Many moons ago when I was just a youngster desperate to head off to the Imperial Academy, I had to make do with spending day after day playing with my Star Wars figures. And not a minute of that time do I consider wasted. For years I hounded my parents wherever we went to pick up Star Wars figures and help my complete my collection. I remember David Prowse visiting Lewis’s department store in Liverpool and the clamour for Vader figs to get them signed. I remember getting Boba Fett at TJ Hughes and I still recall very clearly finally finding Bespin Fatigues Luke Skywalker at a small store that sold occasional toys just up the road from there.
In the beginning of this figure fixation was the original 12. These probably came out a year or two before I started collecting them but they still hold so many fond memories of so much of my childhood. Since getting back into Lego, I’ve always wanted to complete the Kenner figure lineup with their Lego counterparts and with the new Death Star a new slot was filled, so I decided to start getting some group shots to show the comparisons and where better than this photo? The noticeable figure here is the Death Squad Commander which has been created from a mix of a couple of figures to give me something close to that original design.
With figures such as Ithorian Jedi we’re able to create characters such as Hammerhead (Momaw Nadon) as well as the protocol droid in the same set being a dead ringer for the Imperial Protocol Droid. Here’s hoping that in the next few years we’ll get to see things such as the Cloud Car Pilot or even, dare I say it a Blue Snaggletooth.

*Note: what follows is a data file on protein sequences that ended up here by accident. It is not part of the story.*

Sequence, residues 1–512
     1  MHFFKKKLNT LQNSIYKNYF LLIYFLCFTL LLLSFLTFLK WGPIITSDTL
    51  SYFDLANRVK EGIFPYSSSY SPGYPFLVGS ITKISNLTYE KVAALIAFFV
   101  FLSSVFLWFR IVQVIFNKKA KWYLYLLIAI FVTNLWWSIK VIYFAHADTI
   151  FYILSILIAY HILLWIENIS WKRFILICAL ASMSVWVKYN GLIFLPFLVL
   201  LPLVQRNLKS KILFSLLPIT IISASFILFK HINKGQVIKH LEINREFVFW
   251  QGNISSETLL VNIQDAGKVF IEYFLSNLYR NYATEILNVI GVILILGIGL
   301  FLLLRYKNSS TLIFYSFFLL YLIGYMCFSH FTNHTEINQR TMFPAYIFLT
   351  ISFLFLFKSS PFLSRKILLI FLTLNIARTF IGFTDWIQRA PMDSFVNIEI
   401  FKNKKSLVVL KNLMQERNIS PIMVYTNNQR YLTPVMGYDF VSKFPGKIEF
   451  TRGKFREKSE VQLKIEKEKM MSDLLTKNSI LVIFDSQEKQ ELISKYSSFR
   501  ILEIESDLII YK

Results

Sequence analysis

Wondering how zanna succeeded in taking those pictures? He’ll be happy to hear that, because it means his work paid of. You see, these beauties aren’t actual photographs, they’re renders, photo realistic pictures calculated from a digital 3D-model. In the past, it was hard to fully appreciate a digital creation because no matter how great the creation was, the image just didn’t look right. But in just a few year’s time, things have radically changed. You might have seen some POV-Ray renders here already, which look good but are still obviously computer generated. More recently, Bluerenderer appeared, which is easy to use and shows a lot of promise. But what’s really setting the bar, are renders created with the Cycles engine in the open source and free 3D-platform Blender. It’s a bit of a steep learning curve, but it allows you to go way further than just tricking people to think they’re watching a real photograph. Zanna is one of these people that show how the possibilities can truly enhance the model presented. His render of the UCS Super Star Destroyer above is absolute wallpaper gold! His enhancements don’t conceal the model, but lift it to the next level. The lighting of the model makes it stand out by ominously highlighting the edges of the ‘city’. And we experience the roaring power of the engines that give character to a model we’ve all seen already. His Imperial Shuttle comparison is both informative and beautiful, with the great atmospheric effects that lend it an eerie power. Zanna opens our eyes to how beautiful a LEGO model can look without overloading it. Just imagine how great a catalog with such pictures would look like, just like a high-end luxury car catalog. Got the picture in your head? Don’t worry if you don’t: you can go ahead an waste your time drooling over all of the amazing pictures in the Mecabricks rendering topic.